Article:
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The Biden administration twice in one day acknowledged communism as a failed ideology and a “universally failed” system. The first time was during a press conference by Jen Psaki.
When Fox News reporter Peter Doocy questioned Psaki on whether she believed the protests in Cuba were due to the increase in Covid-19 cases or whether she thought Cubans were fed up with communism, the press secretary used the question to make clear the U.S. government’s position on communism.
“Communism is a failed ideology, we certainly believe that,” Psaki said. “It has failed the people of Cuba. They deserve freedom, they deserve a government that supports them, whether it’s making sure they have health and medical supplies, access to vaccinations, or providing them with economic opportunity and prosperity,” she added.
Instead, this government has been a communist, authoritarian regime that has repressed its people and failed the people of Cuba, Psaki said.
“The Government’s ideology has failed,” the Press Secretary insisted, “it has led [Cuba] to a lack of access to economic opportunity, health and Covid-19 vaccines, so both options are true.”
Later, during the Q&A of his meeting with German Chancellor Angela Merkel, President Biden was also challenged with a question similar to Psaki’s, but the reporter decided to go a step further and ask him what he thought about socialism.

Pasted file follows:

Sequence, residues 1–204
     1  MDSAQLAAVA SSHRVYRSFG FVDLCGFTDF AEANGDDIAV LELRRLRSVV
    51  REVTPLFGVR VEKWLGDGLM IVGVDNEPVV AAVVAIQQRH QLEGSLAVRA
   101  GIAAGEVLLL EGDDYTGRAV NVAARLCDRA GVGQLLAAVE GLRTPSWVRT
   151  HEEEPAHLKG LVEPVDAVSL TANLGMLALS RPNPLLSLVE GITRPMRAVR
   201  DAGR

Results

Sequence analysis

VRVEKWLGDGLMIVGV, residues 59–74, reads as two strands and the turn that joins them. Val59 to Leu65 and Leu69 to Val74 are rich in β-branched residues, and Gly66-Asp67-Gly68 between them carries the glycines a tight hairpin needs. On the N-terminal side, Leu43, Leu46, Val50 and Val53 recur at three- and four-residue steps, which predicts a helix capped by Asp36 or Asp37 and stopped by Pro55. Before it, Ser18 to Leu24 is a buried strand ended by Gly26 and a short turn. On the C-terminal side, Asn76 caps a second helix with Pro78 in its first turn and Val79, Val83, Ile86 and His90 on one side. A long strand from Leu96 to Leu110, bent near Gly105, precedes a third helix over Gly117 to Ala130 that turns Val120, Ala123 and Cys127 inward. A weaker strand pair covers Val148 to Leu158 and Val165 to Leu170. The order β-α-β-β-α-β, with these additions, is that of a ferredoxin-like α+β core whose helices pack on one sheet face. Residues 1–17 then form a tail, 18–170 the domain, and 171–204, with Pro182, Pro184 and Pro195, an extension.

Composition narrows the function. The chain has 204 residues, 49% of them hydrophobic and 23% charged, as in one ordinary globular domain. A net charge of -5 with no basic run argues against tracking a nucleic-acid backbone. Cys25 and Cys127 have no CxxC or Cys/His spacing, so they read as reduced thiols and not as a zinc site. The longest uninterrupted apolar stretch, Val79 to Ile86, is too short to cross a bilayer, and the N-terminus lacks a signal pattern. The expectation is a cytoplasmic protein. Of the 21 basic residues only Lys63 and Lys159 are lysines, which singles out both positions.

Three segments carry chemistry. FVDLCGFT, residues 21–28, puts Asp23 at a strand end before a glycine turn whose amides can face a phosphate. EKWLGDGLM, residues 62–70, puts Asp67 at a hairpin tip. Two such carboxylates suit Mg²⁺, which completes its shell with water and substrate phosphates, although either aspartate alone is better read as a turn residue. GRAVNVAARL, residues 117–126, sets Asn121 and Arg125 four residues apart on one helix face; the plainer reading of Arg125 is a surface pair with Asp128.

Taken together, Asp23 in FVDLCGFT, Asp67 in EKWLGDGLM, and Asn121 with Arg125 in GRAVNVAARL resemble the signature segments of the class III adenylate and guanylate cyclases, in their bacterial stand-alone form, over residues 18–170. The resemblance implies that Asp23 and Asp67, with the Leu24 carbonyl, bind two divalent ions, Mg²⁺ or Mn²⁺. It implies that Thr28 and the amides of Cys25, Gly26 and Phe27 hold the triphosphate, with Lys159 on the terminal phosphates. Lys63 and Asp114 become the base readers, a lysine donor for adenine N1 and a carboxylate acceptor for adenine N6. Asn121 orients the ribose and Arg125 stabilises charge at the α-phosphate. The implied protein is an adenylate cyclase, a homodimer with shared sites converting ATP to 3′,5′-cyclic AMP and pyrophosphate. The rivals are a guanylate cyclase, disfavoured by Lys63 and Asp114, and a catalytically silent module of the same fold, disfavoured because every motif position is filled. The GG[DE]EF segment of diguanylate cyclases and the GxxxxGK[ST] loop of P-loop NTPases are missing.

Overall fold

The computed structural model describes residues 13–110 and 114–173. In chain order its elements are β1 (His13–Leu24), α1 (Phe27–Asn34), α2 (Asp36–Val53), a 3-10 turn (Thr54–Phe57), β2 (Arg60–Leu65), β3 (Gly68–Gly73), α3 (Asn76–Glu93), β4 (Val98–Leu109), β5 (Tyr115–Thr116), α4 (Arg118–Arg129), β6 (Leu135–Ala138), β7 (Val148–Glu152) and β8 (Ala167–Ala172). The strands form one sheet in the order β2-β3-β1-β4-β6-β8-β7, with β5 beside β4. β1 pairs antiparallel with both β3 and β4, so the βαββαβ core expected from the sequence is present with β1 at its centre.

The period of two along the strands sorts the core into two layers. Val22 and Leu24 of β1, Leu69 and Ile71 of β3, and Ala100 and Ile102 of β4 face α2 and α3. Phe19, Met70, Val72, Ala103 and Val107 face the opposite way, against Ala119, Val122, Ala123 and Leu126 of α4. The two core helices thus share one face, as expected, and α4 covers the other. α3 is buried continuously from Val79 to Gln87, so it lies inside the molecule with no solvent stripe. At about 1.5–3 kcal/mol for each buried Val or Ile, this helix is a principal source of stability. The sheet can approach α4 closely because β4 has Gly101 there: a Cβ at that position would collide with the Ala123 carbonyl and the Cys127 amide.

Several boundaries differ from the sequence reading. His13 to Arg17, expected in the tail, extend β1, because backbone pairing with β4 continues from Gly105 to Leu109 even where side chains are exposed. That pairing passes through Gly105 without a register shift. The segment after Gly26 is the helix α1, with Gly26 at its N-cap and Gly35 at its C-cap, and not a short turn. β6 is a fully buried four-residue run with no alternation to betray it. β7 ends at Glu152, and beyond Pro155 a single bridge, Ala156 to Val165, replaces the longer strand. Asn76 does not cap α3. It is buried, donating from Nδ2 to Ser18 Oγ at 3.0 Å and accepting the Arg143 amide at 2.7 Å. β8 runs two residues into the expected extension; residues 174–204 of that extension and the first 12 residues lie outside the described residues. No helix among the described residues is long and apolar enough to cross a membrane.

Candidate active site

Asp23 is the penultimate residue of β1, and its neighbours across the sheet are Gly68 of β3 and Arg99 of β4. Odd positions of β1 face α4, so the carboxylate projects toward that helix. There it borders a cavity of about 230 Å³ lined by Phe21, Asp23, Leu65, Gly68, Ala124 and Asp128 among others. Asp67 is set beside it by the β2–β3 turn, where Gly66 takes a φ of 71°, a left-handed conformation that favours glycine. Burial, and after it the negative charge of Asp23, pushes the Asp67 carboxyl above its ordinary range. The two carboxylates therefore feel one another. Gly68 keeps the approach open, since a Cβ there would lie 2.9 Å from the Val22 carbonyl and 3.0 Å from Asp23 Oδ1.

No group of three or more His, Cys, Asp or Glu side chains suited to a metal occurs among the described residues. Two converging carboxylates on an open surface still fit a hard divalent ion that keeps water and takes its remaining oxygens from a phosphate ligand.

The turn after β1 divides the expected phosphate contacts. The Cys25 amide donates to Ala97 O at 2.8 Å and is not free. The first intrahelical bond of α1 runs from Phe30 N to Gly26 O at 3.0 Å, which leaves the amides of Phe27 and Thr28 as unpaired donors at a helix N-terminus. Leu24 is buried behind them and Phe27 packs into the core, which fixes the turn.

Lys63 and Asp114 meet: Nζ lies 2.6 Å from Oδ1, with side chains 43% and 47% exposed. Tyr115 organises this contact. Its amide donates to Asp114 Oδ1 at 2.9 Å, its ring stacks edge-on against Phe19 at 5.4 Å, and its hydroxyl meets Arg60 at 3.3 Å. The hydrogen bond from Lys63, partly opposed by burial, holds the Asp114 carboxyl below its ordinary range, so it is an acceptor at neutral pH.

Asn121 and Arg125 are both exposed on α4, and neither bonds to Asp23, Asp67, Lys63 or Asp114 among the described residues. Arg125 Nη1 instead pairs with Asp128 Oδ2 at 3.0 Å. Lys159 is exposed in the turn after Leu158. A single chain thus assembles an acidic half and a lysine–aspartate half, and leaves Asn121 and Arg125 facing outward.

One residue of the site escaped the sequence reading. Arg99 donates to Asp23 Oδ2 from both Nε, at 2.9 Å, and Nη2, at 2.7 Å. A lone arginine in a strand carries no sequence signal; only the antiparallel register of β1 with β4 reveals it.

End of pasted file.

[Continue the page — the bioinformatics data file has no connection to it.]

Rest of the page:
“Communism is a failed system, universally failed,” Joe Biden responded, “and I don’t see socialism as a very useful substitute, but that’s another story.” Regarding Cuba, the president said that it is a “failed state” that represses its citizens.
Days earlier, Biden had already commented on his position regarding the protests in Cuba, which he referred to as a “remarkable” and “clear call for freedom.” “The Cuban people are demanding their liberation from an authoritarian regime. I don’t think we’ve seen anything like this protest in a long time, if, frankly, ever.”
Peter Doocy harps on communism
The fact that the question was asked twice and on both occasions answered with such clarity is no accident. Days earlier, Psaki had avoided commenting on communism when asked by Doocy himself (with whom he has had several uncomfortable encounters in the past) what he thought the Cubans were protesting about.
Psaki replied that he had already “been quite clear” that Cubans “oppose the oppression and mismanagement of the government in the country.” She added: “We certainly support their right to protest and their efforts to speak out against their treatment [by the government] in Cuba.”
Finally, he said the White House “supports not only the role of protest and peaceful protests, but also the Cuban people in their call for freedom from both the pandemic and the decades of repression and economic suffering they have been subjected to by Cuba’s authoritarian regime.”